A Christian Rebuttal to Kaimatai, an Atheist

By S.J. Thomason

If someone asked me a year ago how I would be spending my free time today, I would have likely answered that I would be reading, riding a bike, studying, or writing academic papers. What I wouldn’t have answered is that I would be writing Christian rebuttals to atheists whom I have encountered on Twitter. In fact, if given a glimpse of my future in March of 2016, I would have been surprised to find myself writing atheist rebuttals. The Lord works in mysterious ways, especially considering that the source of my inspiration comes from atheists! The particular atheists who inspired me to write rebuttals no longer communicate with me, but during the time in which they did, I felt a strong desire to plant seeds within their minds, which I prayed God would grow. I still pray for them and others like them.

According to William Lane Craig (2010, p. 45), “The atheistic worldview is insufficient to maintain a happy and consistent life. Man cannot live consistently and happily as though life were ultimately without meaning, value, or purpose. If we try to live consistently with the atheistic worldview, we shall find ourselves profoundly unhappy.” In contrast, he notes (2010, p. 49) that “Biblical Christianity therefore provides two conditions necessary for a meaningful, valuable, and purposeful life: God and immortality. Because of these, we can live consistently and happily within the framework of our worldview.”

I came upon the timeline of an atheist who calls himself Kaimatai on Twitter where I found a link to a blog he had created entitled “Ten reasons why I’m not a Christian.” The intention of this blog is to write a rebuttal to his ten reasons.

Kaimatai writes:

  1. The absence of evidence where there should be evidence

Depending on your flavour of Christianity, this particular deity is supposed to have created the Universe, formed the earth, begun life, created humanity from just two individuals, intervened frequently in the affairs of a Near Eastern Tribe, and made a personal appearance for approximately 33 years. Many of these events should leave compelling evidence. Genetics should confirm we descended from just two individuals. Other civilizations should have noticed the extraordinary events described in the bible.  That evidence is just not present.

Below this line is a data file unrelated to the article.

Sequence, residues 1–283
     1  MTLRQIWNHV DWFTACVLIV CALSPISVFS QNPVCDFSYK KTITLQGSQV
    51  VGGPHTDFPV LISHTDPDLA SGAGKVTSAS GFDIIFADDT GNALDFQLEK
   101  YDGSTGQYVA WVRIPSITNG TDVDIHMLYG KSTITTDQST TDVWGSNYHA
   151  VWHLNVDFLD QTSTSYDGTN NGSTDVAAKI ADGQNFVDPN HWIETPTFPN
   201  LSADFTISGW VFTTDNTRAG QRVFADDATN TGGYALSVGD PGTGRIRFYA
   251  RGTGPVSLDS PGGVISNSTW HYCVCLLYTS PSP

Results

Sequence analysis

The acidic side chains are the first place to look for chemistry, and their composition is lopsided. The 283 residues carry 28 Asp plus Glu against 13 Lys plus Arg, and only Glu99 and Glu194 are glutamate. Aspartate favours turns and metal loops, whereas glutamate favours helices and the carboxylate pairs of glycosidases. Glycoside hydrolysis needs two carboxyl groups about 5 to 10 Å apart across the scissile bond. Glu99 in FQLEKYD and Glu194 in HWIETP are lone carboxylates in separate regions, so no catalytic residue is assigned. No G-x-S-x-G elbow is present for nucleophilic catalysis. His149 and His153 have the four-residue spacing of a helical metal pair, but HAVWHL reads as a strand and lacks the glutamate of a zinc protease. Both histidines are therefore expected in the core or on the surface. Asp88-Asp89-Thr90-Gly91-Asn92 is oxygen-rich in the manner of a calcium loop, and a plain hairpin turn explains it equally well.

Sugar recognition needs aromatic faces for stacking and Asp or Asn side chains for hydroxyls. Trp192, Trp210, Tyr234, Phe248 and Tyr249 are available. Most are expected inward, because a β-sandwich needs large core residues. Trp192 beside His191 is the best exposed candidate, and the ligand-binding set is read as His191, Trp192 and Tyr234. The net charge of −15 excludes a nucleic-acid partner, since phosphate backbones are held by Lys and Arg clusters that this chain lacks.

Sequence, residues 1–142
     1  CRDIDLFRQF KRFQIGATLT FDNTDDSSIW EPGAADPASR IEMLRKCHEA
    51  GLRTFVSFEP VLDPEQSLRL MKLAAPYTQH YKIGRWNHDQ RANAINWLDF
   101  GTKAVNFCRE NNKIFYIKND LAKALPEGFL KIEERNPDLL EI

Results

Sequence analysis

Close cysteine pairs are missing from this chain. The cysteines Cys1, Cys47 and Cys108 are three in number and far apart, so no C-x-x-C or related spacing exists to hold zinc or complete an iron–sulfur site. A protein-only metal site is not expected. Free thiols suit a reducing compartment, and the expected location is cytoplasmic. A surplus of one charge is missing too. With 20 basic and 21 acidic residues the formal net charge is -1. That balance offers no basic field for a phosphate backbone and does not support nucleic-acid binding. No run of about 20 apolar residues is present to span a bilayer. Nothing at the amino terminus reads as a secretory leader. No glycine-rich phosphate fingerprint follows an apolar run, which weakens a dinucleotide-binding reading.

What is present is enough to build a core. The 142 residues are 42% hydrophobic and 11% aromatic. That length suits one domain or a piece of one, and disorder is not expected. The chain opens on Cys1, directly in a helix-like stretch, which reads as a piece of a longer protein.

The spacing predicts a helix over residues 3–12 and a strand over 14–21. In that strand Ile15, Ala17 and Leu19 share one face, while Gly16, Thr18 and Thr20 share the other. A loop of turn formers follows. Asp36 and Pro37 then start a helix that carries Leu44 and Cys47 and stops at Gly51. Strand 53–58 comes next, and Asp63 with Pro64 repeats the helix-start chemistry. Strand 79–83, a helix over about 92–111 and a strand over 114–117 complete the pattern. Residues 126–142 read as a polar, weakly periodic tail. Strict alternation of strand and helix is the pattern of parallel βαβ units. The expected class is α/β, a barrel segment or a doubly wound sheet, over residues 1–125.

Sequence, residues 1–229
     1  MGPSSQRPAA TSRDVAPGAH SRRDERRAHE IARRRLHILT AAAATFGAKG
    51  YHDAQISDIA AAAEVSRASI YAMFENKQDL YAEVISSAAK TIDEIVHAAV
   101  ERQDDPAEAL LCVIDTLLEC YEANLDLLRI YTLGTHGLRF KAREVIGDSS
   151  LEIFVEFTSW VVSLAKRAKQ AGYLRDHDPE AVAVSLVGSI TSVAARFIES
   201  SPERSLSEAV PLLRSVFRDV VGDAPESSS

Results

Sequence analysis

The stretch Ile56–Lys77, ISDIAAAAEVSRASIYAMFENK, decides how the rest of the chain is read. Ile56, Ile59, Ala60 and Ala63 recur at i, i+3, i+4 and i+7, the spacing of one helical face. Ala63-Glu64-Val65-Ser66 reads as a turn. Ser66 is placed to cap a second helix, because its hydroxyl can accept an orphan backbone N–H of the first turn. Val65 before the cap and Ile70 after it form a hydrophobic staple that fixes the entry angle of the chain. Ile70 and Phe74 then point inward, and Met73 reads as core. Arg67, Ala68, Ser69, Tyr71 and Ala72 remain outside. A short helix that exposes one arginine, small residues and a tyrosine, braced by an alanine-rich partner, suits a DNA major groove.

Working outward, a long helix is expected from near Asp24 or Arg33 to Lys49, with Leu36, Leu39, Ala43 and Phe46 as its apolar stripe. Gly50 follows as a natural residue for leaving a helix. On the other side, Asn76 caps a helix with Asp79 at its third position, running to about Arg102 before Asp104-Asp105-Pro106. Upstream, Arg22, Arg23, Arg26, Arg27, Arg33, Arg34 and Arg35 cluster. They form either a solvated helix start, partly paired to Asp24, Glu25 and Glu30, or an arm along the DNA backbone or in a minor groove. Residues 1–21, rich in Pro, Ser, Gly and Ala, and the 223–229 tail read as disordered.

S.J. Thomason responds:

Let me begin by noting his reference to the flavor of Christianity. I draw attention to this statement because atheists often ask Christians to identify the “correct” Christian sect. I am of the opinion that so long as the Christian sect draws its knowledge from the Bible, embraces Jesus Christ’s divinity, and encourages people to live by the example of Jesus Christ, then the sect is correct.

People have varying needs in the ways they grow closer to God. Some prefer liturgical, ritualistic churches in which the congregation sings hymns and develops an appreciation of sacraments and traditions, such as the Lutheran and Catholic churches. Others might prefer contemporary sorts of churches in which the congregation sings contemporary Christian songs and listens to informative sermons on the Bible, such as the Baptist church. Other churches blend these options and offer various interpretations of the Bible based on variations of adherence to literal interpretations of the Bible. No matter the door, all ultimately lead to Jesus. “The door on which we have been knocking all our lives will be open at last” (Lewis, 1949).

To answer Kaimatai’s next issue, which speaks to the origins of the universe, earth, and life on earth, I draw from Hugh Ross and his book Improbable Planet.

“The Milky Way Galaxy, the Sun, the Moon, and the configuration of the solar system’s planets and asteroid belts reveal how Earth obtained its unique stockpile of elements and minerals that enable Earth today to sustain such an enormous biomass and biodiversity. The fossil record, isotope records, geological layers, sediment cores, ice cores, and biodeposit (biological decay products embedded in Earth’s crust) inventories provide biologists and ecologists with a chronicle of Earth’s life. Earth’s preserved record of past physical and biological events reveals an unanticipated synergy (p. 16-17).”

“Charles Darwin presumed that the development and transformation of life throughout Earth’s history was gradual, smooth, and continuous. However, in landmark articles published in 1972 and 1977, paleontologists Niles Eldredge and Stephen Jay Gould pointed out that the fossil record is typified by species remaining in extended stasis (little or no net evolutionary change) interrupted by quantum jumps where species suddenly disappear and then are followed quickly by sudden appearances of very different species…It is not only at the species level where quantum jumps are observed but also at the level of families, orders, and classes of organisms (p. 19).

“Primitive life, that is unicellular bacterial life, is but the simplest form of life on Earth. There are three other general divisions of purely physical life: (1) differentiated multicellular organisms (for example, fungi); (2) plants; and (3) animals. In addition to purely physical life, Earth today contains two kinds of life that possess distinctly nonphysical attributes. One of these kinds is a group of animals that possess a mind…that is capable of experiencing and expressing emotions, exercising intellectual analysis, and making decisions in response to that analysis and the animal’s emotional state. All mind-possessing animals share in common the attribute of parents providing sacrificial care for their offspring. Animals in this category include all mammals and birds and a few of the more advanced reptilian species such as the crocodile and the alligator” (p. 21).